RPCVs in Congress Will be Lowest Since ’87
By Jonathan Pearson on Thursday, November 4th, 2010
Tuesday’s defeat of Congressman Steve Driehaus (D-OH) and the pending retirement of Senator Chris Dodd (D-CT) means the next Congress will have the fewest number of Returned Peace Corps Volunteers (RPCVs) since 1987. It will also mark the first time in more than 30 years that the United States Senate will be without a lawmaker who served in the Peace Corps.
Driehaus (Senegal 88-90), a freshman lawmaker representing the greater Cincinnati region, was defeated in a rematch from two years ago. Republican Congressman Steve Chabot was returned to the House with 52 percent of the vote.
The four other RPCVs in the House were easily returned to office. Republican Tom Petri, the senior member of the group, received nearly 71 percent of the vote and will begin his 17th term representing constituents from Wisconsin’s 6th Congressional District.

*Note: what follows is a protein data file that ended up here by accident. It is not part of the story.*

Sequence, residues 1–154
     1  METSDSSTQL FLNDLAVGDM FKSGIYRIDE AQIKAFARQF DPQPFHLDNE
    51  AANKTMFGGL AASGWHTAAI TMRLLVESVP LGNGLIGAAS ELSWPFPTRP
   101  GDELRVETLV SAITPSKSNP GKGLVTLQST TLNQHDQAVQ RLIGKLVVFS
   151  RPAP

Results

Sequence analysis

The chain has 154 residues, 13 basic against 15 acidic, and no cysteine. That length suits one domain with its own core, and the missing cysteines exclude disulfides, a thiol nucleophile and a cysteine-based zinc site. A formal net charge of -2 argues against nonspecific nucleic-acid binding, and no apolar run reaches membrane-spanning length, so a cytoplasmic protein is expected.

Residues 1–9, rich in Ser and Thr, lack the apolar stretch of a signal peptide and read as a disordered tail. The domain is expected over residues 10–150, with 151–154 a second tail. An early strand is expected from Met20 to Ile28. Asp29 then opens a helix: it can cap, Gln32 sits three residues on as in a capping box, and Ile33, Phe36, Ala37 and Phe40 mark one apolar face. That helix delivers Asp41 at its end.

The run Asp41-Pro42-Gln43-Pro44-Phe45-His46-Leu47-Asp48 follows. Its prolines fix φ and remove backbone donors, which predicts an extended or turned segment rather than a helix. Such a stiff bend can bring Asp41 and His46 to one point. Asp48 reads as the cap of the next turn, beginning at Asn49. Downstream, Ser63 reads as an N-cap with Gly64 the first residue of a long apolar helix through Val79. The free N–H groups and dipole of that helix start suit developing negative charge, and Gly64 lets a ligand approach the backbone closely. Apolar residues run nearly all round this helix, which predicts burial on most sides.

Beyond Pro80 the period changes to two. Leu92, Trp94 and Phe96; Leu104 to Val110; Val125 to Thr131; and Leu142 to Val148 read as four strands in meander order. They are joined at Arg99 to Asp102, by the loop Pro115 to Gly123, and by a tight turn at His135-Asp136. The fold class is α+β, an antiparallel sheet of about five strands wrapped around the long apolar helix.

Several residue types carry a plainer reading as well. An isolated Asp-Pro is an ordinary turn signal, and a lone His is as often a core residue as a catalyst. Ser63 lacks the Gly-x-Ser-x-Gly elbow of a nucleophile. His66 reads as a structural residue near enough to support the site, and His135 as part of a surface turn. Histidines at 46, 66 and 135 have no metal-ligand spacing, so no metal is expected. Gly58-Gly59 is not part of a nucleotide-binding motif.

The remaining three House members with Peace Corps in their background are Democrats representing central and northern California. Sam Farr (Colombia 64-66), was re-elected to his tenth term in office in the 17th district, winning with 66 percent of the vote. Mike Honda (El Salvador El Salvador 65-67) will begin his 6th term in the neighboring 15th District. He also received 66 percent of the vote. The newest member to the House, 10th District Congressman John Garamendi (Ethiopia 66-68 ), will begin his second term in office after being re-elected with 58 percent of the vote. The House RPCVs have provided a strong bi-partisan voice in support of Peace Corps initiatives, ranging from increased funding for the agency to securing House passage of Peace Corps commemorative legislation earlier this year.
Senator Dodd (Dominican Republic 66-68), announced his retirement from the Senate earlier this year and was honored for his service last March at an NPCA Director’s Circle gathering.
1995 marked the high-water mark for a Peace Corps presence on Capitol Hill. Seven RPCV lawmakers served in the 104th Congress.